Tag Archives: Thanksgiving

Vanilla Mashed Sweet Potatoes

If you know me, you know I love sweet potatoes.  So, when it came time to create a Thanksgiving menu, the question wasn’t whether I was going to serve sweet potatoes, the question was simply what recipe to choose.

I wanted something fairly simple to make, but that would nonetheless impress.  I also wanted it to be something unique and fun.  This recipe met Continue reading

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English Cheddar Cornbread

In addition to cranberry sauce, cornbread and turkey just seem like one of those perfect pairings.

Cornbread is a so-called quick bread, because it doesn’t contain yeast, and doesn’t require any rising or kneading.  These traits make it perfect for Thanksgiving, when the number of dishes and burners going at once can be overwhelming.  Beyond being quick and easy to prepare, its hearty, yet uncomplicated – requiring basic pantry staples.

Another advantage to cornbread is its adaptability.  Cornmeal, flour, baking powder, and salt are a given, but beyond that, Continue reading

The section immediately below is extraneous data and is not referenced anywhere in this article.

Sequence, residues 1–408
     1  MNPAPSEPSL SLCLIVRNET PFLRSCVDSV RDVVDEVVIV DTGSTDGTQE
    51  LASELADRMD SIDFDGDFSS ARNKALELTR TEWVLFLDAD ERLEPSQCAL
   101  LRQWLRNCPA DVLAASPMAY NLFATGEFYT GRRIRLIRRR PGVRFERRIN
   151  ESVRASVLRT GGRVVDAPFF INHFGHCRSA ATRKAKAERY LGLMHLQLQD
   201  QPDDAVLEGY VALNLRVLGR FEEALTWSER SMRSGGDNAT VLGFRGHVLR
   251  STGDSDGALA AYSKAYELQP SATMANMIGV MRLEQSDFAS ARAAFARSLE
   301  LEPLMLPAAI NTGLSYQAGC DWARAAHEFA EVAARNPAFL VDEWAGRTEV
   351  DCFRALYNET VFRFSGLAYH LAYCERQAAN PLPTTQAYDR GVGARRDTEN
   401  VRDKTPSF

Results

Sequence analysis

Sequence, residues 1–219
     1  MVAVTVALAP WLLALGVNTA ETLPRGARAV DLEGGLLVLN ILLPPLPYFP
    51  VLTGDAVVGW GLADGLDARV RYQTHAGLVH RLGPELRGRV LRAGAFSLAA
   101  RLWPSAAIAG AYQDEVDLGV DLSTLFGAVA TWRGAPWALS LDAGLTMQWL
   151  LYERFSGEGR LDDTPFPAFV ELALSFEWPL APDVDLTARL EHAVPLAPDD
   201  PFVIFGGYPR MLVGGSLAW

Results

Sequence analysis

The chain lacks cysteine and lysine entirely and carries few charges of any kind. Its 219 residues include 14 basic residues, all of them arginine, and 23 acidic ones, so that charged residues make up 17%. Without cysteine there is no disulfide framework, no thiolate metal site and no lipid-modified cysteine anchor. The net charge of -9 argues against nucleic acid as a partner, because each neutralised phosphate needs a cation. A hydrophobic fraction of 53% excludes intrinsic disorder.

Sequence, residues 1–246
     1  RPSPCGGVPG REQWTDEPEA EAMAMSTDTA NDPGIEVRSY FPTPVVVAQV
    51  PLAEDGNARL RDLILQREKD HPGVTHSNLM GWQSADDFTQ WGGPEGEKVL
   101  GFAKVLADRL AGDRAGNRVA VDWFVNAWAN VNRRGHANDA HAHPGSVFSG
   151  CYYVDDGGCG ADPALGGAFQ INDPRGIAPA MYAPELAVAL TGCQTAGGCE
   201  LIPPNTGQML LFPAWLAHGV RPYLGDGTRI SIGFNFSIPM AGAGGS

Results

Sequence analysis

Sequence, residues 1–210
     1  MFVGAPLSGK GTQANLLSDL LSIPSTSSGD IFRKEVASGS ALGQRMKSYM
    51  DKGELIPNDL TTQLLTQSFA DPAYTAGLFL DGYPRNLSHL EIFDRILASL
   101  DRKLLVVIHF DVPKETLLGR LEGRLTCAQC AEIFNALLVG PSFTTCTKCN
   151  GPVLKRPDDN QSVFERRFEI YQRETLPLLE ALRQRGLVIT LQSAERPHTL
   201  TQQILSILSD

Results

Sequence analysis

Cranberry Sauce

During the Thanksgiving rush, the night before can sometimes be your only friend.

Wednesday night, I made this cranberry sauce in a matter of minutes.  It was quick and it was easy, but it still meant one less burner, one less pot, and one less thing on my mind come Thursday.  A full day in the refrigerator also gives the sauce and its flavors time to come together.  It’s the perfect complement Continue reading

Apple Cider Brined Roast Turkey

Thanksgiving is no time for experiments.  On any regular Thursday, the pizza parlor is just a phone call away.  But on Thanksgiving, there is no such luxury.

This year, I stuck with Ina Garten’s recipe for roast turkey.  Though, unlike the two previous years, I decided to brine my turkey – a technique which I had not yet tried.  Brining – the process of immersing the meat in a salt-water mixture – works to dry and salt the meat by osmosis.  That is, excess salt from the juice flows into the meat, while excess water from the meat, flows into the juice.  Which doesn’t sound great: who wants dry, salty meat?

Fortunately, the osmotic process is not finished.  As the salt enters the meat, Continue reading